Yes, indeed, “explicit” are the words of Chazal about the nature of the rakia based on pesukim such as that in Iyov [mistranslated by Rabbi Slifkin as saying that the rakia is “hard”] and others which use the root רקע in other contexts.” But the claim that “Nowhere in Chazal or the Rishonim is there anything to indicate that any of Chazal held differently” “in terms of it being a firm substance with a particular thickness” in the sense of being hard, is absolutely false.

In a telling dialogue, called on this fact by Dr. Jonathan Ostroff, the “Rationalist”[2] reacted explosively:

Do not trust Ostroff's citation of the Rishonim[3]….Ostroff has been extremely selective in his citation from Rambam…this blog is not a worthy forum for such a discussion”),[4]

—and immediately made still another wild assertion that is false:

RambaN is likewise clear that there is a solid firmament - just read his commentary to the Chumash.[5]

—as if oblivious to the Ramban’s concept of the substance of the galgalim and the stars therein as being an unearthly, ethereal one—and then shifted gears again, reverting to the Gemora Pesachim to prove that Chazal as a body considered the rakia to be a solid.

When Rabbi Slifkin does finally concede (temporarily, of course) that despite his original claim, the rishonim did not understand Chazal to hold that the rakia is a hard solid, he is not at all fazed. When caught denying that the rishonim say what they say, he simply goes on to assert that the rishonim, by attributing ethereality to the rakia, were actually arguing against or “ignoring” Chazal’s “unanimous” opinion that the rakia is a hard solid:

Now, much later, during the time of the Rishonim, Ptolemaic cosmology had already become widely accepted, and some of the Rishonim reinterpreted Tenach to suit it. It is possible that some of them did not believe the rakia to be a substantive firmament (the best general discussion that I have found on this topic is Edward Grant's paper "Celestial Orbs in the Latin Middle Ages"). But all this would mean is that the Rishonim were ignoring Chazal… and reinterpreting Torah in light of science. ("The Big Picture of The Firmament," Jan., 2011)

The “Rationalist” holds that the rishonim disingenuously claimed to be explaining Chazal. But they were actually ignoring them. In contrast to the disingenuous rishonim, only The “Rationalist” is honest, unbiased and sincere enough to know and teach what Chazal “really” meant in these texts. Only he, in contrast to the rishonim, is really faithful to Chazal’s intent.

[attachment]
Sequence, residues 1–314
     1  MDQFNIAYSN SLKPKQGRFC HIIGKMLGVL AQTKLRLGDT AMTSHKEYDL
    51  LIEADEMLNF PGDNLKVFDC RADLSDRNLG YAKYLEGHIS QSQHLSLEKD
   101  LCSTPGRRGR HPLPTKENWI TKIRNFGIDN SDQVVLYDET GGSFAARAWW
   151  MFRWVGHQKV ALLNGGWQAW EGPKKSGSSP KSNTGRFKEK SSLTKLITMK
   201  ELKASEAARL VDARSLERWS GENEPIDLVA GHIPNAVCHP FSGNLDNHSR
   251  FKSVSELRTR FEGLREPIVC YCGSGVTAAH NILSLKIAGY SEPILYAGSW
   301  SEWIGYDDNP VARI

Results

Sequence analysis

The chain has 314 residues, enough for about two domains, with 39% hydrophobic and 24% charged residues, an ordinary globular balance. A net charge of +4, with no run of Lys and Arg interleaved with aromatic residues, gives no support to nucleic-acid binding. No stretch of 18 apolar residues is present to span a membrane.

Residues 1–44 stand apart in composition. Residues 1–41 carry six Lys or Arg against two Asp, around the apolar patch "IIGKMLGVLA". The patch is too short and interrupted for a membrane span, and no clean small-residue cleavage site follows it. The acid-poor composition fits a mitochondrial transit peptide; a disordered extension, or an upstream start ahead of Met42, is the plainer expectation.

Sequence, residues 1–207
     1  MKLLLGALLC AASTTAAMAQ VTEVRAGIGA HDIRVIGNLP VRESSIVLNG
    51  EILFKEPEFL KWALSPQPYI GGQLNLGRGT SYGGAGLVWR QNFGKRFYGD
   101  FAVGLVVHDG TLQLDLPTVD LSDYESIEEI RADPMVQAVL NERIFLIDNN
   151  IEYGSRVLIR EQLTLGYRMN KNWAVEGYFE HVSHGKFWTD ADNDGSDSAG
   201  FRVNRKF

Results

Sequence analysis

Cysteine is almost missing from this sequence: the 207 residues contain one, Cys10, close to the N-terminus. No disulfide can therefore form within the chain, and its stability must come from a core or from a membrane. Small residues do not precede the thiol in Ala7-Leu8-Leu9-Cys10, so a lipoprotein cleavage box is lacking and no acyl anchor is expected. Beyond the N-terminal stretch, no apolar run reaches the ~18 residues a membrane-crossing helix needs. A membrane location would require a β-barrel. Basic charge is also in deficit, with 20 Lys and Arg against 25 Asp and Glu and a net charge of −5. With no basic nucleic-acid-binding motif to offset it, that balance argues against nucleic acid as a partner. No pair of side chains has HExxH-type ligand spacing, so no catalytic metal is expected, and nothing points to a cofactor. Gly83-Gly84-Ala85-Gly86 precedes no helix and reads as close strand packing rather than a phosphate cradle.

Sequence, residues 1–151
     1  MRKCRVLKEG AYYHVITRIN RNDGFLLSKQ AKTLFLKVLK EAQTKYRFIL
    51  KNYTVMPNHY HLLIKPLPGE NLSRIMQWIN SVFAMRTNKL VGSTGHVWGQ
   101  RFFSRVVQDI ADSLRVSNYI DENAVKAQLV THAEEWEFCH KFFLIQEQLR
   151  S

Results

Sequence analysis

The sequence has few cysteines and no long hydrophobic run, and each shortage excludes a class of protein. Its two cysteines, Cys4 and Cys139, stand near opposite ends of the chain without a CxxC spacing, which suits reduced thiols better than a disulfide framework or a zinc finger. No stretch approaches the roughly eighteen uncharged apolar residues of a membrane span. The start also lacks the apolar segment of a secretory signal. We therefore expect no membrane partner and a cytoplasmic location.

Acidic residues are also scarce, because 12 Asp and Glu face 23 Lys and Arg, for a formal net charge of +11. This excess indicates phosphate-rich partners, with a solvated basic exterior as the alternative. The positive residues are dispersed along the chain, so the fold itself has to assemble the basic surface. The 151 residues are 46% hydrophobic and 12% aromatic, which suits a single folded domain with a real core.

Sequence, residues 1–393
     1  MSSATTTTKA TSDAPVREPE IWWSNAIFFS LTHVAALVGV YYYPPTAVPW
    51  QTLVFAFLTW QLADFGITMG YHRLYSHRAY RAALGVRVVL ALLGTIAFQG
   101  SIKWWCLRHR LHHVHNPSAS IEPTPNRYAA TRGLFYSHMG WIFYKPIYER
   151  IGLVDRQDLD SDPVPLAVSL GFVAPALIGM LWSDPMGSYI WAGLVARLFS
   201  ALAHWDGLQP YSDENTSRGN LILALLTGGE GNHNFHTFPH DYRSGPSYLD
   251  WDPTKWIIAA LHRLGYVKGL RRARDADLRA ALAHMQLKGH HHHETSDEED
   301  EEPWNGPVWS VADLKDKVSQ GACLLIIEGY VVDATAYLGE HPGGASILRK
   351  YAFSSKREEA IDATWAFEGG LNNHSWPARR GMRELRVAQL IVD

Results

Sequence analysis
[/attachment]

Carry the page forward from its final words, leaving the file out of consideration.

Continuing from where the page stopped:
This is disturbingly reminiscent of the accusations made by the Karaites and Saducees. They accused Chazal of claiming to be loyal to the Torah but actually knowingly perverting what the Torah “really” means. I realize this is a damning comparison. But how less damning can one be with someone who attempts to promulgate the illegitimate ideas that (parts of) the mesorah can be rejected, and that the rishonim were disingenuous in claiming to be interested in accurately conveying the intents of Chazal when they said they were?

In the next and final posts in this series, I will bli nedder and b’ezras Hashem deal with the issue of the alleged opacity of the celestial-rakia, and treat the passage in Gemora Pesachim 94b that deals with the path of the sun at night.


[1] Mistranslation of sources is a repeated feature of the “Rationalist’s” “evidence.” For another example, in his Monograph, “The Sun’s Path at Night, he translates Midrash Bereishit Rabbah (6:8):

“R. Shimon b. Yochai said: We do not know if they fly up in the air and scrape the firmament, or if they travel as usual; the matter is exceedingly difficult and it is impossible for humans to determine”

—whereas it actually reads:

We do not know if they are flying in the air or if they are sliding in/along the rakia…

אמר רבי שמעון בן יוחאי אין אנו יודעין אם פורחין הן באויר ואם שפין ברקיע ואם מהלכין הן כדרכן הדבר קשה מאד ואי אפשר לבריות לעמוד עליו:

Similarly, he uncritically accepted a published mistranslation of a passage from the Guide For The Perplexed to support his view. My bias about the Rambam’s likely stance alerted me to scrutinize Friedlander’s faulty translation, whereas Rabbi Slifkin’s bias caused him to accept it uncritically.

[2] http://slifkin-opinions.blogspot.com/2011/01/slifkin-solid-dome-thesis_17.html?showComment=1295412175689#c3393643353690798595

[3] Reminiscent of, “Pay no attention to the man behind the curtain!”

[4] A Freudian slip? I think Rabbi Slifkin meant to assert that such a discussion is not worthy of his blog’s forum.

[5] Well, if you do read the Ramban’s commentary on the Chumash, you will see that he says that the celestial region’s substance is more ethereal than the earth’s:

רמב"ן בראשית פרק א פסוק א

ודע, כי השמים וכל אשר בהם חומר אחד, והארץ וכל אשר בה חומר אחד. והקב"ה ברא אלו שניהם מאין, ושניהם לבדם נבראים, והכל נעשים מהם. והחומר הזה, שקראו היולי, נקרא בלשון הקדש "תוהו", ... והצורה הנלבשת לחומר הזה נקראת בלשון הקדש "בהו"...ואם כן יהיה פשט הכתובים על נכון, משמעותו: בתחלה, ברא אלהים את השמים, כי הוציא חומר שלהם מאין, ואת הארץ, שהוציא החומר שלה מאין. ו"הארץ" תכלול ארבע היסודות כלם, כמו ויכלו השמים והארץ וכל צבאם (להלן ב א), שתכלול כל הכדור התחתון...והנה בבריאה הזאת, שהיא כנקודה קטנה דקה ואין בה ממש, נבראו כל הנבראים בשמים ובארץ... וכן אמרו רבותינו (ב"ר א יד) את השמים לרבות חמה ולבנה כוכבים ומזלות, ואת הארץ, לרבות האילנות ודשאים וגן עדן. ואלו כלל כל הנבראים בעל הגוף:

רמב"ן בראשית פרק א פסוק ח